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Support Cancer Ther. 2005 Oct 1;3(1):16-20. doi: 10.3816/SCT.2005.n.020.

Every-three-week erythropoietic support during chemotherapy for cancer: current status and future issues.

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Department of Medicine, UCLA School of Medicine, Los Angeles.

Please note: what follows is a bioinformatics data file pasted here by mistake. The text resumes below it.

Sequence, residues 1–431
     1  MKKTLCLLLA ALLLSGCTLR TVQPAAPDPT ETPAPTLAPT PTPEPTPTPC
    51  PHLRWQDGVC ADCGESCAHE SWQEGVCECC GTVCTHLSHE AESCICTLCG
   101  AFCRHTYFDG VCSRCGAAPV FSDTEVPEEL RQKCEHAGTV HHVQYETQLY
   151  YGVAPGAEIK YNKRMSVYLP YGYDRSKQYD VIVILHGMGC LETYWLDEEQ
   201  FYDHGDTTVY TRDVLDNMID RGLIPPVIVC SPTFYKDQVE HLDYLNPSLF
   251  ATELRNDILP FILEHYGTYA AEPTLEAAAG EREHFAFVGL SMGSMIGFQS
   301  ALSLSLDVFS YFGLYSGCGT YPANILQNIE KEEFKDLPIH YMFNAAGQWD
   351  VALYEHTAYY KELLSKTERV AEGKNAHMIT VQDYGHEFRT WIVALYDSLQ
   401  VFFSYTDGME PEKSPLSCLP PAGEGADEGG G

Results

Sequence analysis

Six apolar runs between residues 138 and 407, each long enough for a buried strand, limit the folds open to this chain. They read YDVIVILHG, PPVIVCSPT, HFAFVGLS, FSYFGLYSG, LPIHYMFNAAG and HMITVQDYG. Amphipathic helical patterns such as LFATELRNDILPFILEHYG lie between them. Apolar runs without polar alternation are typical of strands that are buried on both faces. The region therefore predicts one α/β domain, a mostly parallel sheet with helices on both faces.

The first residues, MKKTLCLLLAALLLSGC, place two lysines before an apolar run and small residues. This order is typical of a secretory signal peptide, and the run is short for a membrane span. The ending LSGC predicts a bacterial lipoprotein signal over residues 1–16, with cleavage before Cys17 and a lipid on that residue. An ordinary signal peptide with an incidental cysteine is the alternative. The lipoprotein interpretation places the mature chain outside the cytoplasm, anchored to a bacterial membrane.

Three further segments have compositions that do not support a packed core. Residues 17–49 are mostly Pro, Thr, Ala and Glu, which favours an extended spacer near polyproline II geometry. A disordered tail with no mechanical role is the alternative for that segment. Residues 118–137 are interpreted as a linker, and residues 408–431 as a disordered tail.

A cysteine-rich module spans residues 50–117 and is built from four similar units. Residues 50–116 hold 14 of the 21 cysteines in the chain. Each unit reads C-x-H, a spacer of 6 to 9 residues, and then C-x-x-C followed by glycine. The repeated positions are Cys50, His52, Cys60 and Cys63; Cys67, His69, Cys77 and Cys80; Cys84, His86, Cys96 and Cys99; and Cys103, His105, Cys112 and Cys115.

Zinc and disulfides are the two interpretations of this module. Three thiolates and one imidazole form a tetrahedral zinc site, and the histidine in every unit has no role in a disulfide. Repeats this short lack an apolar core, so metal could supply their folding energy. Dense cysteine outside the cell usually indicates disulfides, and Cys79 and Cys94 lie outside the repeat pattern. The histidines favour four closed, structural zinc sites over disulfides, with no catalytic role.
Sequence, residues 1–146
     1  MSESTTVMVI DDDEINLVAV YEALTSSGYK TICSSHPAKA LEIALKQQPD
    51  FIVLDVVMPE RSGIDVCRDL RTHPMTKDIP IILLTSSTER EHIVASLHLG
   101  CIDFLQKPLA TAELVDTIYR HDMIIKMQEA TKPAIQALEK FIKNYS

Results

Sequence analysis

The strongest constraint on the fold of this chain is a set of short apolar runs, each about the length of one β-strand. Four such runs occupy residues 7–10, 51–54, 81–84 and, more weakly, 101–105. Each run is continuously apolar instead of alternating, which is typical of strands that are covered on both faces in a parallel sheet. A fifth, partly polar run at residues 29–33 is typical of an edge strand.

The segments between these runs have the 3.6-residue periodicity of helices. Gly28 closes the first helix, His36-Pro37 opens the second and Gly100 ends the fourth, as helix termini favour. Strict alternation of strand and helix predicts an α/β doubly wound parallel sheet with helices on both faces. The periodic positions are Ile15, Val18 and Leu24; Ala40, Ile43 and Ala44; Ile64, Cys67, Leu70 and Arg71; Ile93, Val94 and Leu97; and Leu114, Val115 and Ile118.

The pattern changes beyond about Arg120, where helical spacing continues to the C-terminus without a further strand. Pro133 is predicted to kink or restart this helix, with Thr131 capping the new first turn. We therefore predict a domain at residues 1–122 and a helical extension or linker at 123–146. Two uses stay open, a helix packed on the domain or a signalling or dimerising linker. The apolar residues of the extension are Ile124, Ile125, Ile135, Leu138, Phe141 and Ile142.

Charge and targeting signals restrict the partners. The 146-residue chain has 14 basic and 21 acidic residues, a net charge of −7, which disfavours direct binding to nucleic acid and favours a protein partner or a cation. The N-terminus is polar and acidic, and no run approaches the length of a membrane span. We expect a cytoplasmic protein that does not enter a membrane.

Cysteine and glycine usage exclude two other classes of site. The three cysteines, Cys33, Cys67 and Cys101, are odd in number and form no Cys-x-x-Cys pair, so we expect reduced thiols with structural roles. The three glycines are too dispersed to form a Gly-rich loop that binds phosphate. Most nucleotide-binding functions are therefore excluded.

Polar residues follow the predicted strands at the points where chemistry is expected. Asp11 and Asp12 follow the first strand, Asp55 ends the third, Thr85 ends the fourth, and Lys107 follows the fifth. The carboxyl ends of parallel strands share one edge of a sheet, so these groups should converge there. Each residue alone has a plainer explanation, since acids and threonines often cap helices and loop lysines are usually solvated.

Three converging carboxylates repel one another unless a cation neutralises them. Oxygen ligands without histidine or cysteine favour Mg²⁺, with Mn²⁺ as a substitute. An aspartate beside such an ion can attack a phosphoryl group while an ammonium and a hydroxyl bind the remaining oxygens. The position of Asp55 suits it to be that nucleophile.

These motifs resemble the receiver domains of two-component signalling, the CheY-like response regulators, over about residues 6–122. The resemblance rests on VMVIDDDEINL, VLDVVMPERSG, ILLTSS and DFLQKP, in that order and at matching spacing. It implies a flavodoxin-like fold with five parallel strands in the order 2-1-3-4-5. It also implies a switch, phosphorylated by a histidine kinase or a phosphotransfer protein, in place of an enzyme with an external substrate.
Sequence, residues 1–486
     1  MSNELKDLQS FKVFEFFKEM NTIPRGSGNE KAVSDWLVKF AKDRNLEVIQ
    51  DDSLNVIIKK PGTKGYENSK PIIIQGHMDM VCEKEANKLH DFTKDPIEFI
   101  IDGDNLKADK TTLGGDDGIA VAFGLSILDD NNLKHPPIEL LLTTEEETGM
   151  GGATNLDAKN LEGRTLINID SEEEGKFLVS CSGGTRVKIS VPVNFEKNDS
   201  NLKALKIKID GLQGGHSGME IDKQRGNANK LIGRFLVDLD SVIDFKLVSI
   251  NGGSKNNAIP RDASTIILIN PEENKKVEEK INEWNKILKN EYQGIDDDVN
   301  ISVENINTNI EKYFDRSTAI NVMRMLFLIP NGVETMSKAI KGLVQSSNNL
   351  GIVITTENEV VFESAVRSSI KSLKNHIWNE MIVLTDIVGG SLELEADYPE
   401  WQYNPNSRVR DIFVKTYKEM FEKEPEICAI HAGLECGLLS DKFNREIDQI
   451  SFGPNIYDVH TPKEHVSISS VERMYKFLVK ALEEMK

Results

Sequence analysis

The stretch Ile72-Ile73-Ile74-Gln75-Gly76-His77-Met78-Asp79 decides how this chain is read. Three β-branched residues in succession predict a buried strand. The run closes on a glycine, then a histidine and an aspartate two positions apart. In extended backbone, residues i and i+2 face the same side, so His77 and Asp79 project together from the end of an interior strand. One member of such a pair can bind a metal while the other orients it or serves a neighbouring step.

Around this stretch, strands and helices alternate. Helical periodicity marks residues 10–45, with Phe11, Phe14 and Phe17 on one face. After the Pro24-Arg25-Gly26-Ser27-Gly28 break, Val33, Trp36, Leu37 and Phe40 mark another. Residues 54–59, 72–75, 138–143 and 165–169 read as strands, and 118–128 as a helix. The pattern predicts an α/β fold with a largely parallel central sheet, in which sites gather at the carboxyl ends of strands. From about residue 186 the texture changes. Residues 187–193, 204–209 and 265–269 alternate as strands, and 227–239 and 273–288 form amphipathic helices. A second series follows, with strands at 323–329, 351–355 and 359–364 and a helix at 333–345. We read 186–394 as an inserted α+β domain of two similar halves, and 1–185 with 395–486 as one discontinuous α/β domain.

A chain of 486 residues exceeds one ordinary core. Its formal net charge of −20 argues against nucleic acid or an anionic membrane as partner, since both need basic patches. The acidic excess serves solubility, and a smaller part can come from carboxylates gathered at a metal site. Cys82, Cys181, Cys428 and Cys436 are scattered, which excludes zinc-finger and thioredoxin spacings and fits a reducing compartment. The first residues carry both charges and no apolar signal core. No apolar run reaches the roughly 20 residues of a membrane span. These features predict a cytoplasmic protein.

Recently, it has been demonstrated that the administration of chemotherapy alters the pharmacology of erythropoietic-stimulating proteins (ESPs), such as endogenous erythropoietin and darbepoetin alfa, with an apparent decrease in clearance and substantial prolongation of half-life. This observation, coupled with the popularity of every-3-week chemotherapy regimens, makes it logical to pursue less-frequent dosing schedules for darbepoetin alfa. Two published studies have demonstrated that darbepoeitin alfa administered at a dose of 6.75 mug/kg or every 3 weeks to anemic patients with cancer is associated with improvements in hemoglobin levels. It has also been shown that dosing on the same day as chemotherapy is as efficacious and safe as dosing asynchronously in patients receiving every-3-week chemotherapy. These studies have increased our understanding of the biology of the interplay between chemotherapy, erythropoiesis, and ESPs and should facilitate the development of increasingly convenient and effective approaches to the treatment of chemotherapy-associated anemia. These insights are reviewed in this article. At the same time, evidence is accumulating that earlier initiation of ESP therapy, before severe anemia and symptoms occur, will be associated with further reduction in transfusion requirements, less patient-reported fatigue, and lower required doses of ESPs. In addition, recently presented trials have reported very important improvements in erythropoietic response to ESPs when patients with chemotherapy-associated anemia are treated with parenteral iron. The early initiation and parenteral iron initiatives pose opportunities and challenges for treatment regimens emerging from our increasing biologic understanding, and these are also reviewed.


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